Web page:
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The Honolulu Advertiser
Posted on: Monday, May 31, 2010

Hawaii decathlete Clay wins in Austria

Associated Press

Hawaii news photo - The Honolulu Advertiser

Hawai'i's Bryan Clay finished with 8,483 points to win the decathlon in Goetzis, Austria.

ARNO BALZARINI | Keystone via AP

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Hawai'i's Bryan Clay easily outpointed the field yesterday to earn his second decathlon victory at the 36th Hypo-Meeting at Goetzis, Austria.

Clay, who was second after the first five events on Saturday, took the lead after yesterday's first event, 110-meter hurdles, and never trailed thereafter.

He finished with 8,483 points. Romain Barras of France was second (8,297), followed by Leonel Suarez of Cuba (8,286) and Jake Arnold of the United States (8,253).

Clay, the Olympic champion, won the 100 meters, discus and javelin in the 10-event competition. The Castle High alum from Kāne'ohe also won this meet in 2006.

Trey Hardee of the U.S. did not finish.

The Hypo-Meeting was the second leg of the 2010 IAAF Combined Events Challenge.



Florida International's Garrett Wittels is taking his pursuit of the Division I hitting-streak record to the NCAA tournament.

Wittels got a hit in his 54th straight game and FIU beat Troy, 14-10, yesterday in the championship game of the Sun Belt Conference tournament in Murfreesboro, Tenn., clinching a berth in the NCAA field.

The Golden Panthers (36-23) will find out which regional they'll be sent to today, knowing they're probably off to either Gainesville, Fla., or nearby Coral Gables this weekend.

"We don't want this to end," Wittels said by phone as FIU started the 18-hour bus ride back to Miami. "We're going after it every day, playing hard and swinging the bats really well."

None better than Wittels, of course.

The sophomore infielder was 2 for 6 yesterday. He moved within four games of matching Robin Ventura's record of 58 straight games with a hit set in 1987 for Oklahoma State.



The U.S. World Cup team pulled off a trick play, going in through the "out" door as they arrived at the airport for their flight to South Africa.

The team entered Dulles International Airport in Virginia through the arrivals area instead of departures and went straight through security yesterday, bypassing the ticket counter and a handful of disappointed fans who hoped to wish the team well.

Their South African Airways flight was set to take off later yesterday and land in Johannesburg today.

The Americans' first World Cup game is June 12 against England.


Several players are going all out in criticizing the new World Cup ball, with more than one comparing it to those bought at a supermarket.

And this time it's not just goalkeepers who are complaining. Strikers, defenders and midfielders are also lashing out at the Adidas ball less than two weeks before the monthlong tournament is to begin in South Africa.

The ball is called Jabulani, which means "to celebrate" in isiZulu, but not many are celebrating it so far. It's hard to find a player happy with it, and those who don't like it are not hesitating to voice their displeasure.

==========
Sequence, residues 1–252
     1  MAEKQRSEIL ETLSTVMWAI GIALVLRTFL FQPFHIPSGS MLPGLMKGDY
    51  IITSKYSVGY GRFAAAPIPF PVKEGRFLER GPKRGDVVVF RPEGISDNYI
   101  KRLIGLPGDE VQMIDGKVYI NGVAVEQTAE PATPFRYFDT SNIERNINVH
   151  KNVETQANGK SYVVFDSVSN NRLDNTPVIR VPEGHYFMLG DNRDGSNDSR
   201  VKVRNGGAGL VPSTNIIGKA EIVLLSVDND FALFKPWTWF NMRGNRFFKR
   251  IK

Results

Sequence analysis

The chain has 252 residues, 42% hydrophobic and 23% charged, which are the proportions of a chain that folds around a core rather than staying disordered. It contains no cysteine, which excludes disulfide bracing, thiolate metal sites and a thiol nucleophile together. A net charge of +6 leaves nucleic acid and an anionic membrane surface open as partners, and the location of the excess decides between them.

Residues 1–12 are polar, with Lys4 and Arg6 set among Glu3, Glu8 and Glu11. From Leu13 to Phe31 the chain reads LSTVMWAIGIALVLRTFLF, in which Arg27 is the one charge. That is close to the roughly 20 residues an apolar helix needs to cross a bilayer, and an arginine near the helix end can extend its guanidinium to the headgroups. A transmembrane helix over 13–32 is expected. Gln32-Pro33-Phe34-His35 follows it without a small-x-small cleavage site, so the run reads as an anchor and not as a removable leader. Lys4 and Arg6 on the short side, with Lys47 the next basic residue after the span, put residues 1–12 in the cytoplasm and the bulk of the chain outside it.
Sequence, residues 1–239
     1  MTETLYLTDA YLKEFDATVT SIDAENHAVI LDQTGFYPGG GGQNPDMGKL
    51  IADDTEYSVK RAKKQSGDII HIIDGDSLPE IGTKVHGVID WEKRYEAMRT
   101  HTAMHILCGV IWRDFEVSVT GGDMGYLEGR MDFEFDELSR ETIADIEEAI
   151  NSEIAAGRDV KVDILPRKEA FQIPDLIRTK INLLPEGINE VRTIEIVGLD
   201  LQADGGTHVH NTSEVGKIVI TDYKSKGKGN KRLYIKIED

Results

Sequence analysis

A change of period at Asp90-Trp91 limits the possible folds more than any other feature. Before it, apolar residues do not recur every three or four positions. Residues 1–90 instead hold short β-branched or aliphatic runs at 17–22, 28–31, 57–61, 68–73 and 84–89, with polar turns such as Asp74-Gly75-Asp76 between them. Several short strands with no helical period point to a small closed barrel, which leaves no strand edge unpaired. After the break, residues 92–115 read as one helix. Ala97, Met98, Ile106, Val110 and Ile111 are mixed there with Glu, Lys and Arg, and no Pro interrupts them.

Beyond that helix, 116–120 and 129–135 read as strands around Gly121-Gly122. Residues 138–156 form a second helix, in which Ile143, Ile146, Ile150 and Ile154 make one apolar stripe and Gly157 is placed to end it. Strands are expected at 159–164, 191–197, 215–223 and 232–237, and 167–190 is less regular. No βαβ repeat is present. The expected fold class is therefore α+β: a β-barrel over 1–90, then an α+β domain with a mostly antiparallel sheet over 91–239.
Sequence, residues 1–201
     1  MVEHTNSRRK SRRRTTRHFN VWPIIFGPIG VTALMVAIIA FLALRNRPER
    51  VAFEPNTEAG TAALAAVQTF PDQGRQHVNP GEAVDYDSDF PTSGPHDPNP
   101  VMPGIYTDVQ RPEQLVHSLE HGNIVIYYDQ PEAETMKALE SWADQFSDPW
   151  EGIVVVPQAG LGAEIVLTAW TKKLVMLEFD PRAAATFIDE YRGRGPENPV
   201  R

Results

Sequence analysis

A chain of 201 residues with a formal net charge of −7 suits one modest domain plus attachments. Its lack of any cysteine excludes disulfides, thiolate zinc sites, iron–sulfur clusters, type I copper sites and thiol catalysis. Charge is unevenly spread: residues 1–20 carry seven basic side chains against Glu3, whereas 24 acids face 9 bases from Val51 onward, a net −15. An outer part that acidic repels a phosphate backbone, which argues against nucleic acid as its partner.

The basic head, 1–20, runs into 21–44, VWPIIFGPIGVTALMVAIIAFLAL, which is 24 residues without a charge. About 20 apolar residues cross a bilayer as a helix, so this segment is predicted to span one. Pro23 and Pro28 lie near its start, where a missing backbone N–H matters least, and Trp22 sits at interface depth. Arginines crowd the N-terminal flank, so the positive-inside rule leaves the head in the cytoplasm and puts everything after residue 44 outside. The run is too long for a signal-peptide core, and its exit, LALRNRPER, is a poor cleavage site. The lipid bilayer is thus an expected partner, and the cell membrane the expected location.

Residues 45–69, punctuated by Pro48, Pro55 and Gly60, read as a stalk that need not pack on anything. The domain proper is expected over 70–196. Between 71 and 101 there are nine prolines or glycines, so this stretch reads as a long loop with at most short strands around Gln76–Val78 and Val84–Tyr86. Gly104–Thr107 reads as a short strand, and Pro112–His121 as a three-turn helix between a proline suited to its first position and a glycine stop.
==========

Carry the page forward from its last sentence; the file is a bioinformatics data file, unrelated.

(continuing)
Brazil striker Luis Fabiano said yesterday "it's like it doesn't want to be kicked," and called it "supernatural."



Northwestern's lacrosse dynasty is over, courtesy of a stunning comeback by Maryland.

Maryland won its 10th NCAA women's lacrosse title yesterday, rallying from a six-goal deficit to defeat the five-time defending champions, 13-11, at Towson, Md.

The Terrapins (22-1) earned their first title since 2001 and preserved their record of seven straight titles, set from 1995-2001. Maryland also ended Northwestern's run of 23 consecutive tournament wins.

The game was played before 9,782 fans, the largest crowd to watch a women's lacrosse event in United States history.

The Terps were down 6-0 with 8 1/2 minutes gone and 8-3 midway through the first half.



Unseeded Austen Childs of Louisville beat Auburn's Tim Puetz, 7-6 (2), 6-0, yesterday to reach the men's NCAA tennis singles final against Stanford's Bradley Klahn at Athens, Ga.

Klahn eliminated top-seeded Henrique Cunha of Duke, 6-2, 6-2, to earn a spot in today's title match. He is looking to become the 12th player from Stanford to win a college singles crown. Childs is the first Louisville player to even reach the quarterfinals.

Chelsea Gullickson of Georgia, playing on her home courts, will take on second-seeded Jana Juricova of California in the women's championship match. Juricova beat Miami's Laura Vallverdu, 7-6 (6), 6-2.

Gullickson, who lost in the semifinals to Vallverdu last year, defeated fourth-seeded Hilary Barte of Stanford, 7-6 (6), 6-3.



The Philadelphia Flyers aren't fretting about starting the Stanley Cup finals with a loss.

The Flyers, after all, have faced bigger deficits before. They overcame a slew of injuries to barely make the playoffs, then rallied from three games down in the second round to survive elimination, beat the Boston Bruins and advance.

So after their 6-5 loss to the Chicago Blackhawks in Game 1, the Flyers expressed calm and confidence after practice yesterday.

Philadelphia coach Peter Laviolette pulled goalie Michael Leighton for Brian Boucher in the opener, but named Leighton the starter for Game 2 today. But the players say the decision doesn't matter to them. They are focused on strengthening their defense in front of the net.